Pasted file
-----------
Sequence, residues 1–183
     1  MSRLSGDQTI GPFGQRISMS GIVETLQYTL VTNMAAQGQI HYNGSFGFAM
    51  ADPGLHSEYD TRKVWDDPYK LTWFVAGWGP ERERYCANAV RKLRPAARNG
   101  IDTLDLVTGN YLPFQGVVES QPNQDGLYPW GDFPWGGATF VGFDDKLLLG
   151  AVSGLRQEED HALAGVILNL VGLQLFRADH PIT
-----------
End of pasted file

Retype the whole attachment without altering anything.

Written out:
Sequence, residues 1–183
     1  MSRLSGDQTI GPFGQRISMS GIVETLQYTL VTNMAAQGQI HYNGSFGFAM
    51  ADPGLHSEYD TRKVWDDPYK LTWFVAGWGP ERERYCANAV RKLRPAARNG
   101  IDTLDLVTGN YLPFQGVVES QPNQDGLYPW GDFPWGGATF VGFDDKLLLG
   151  AVSGLRQEED HALAGVILNL VGLQLFRADH PIT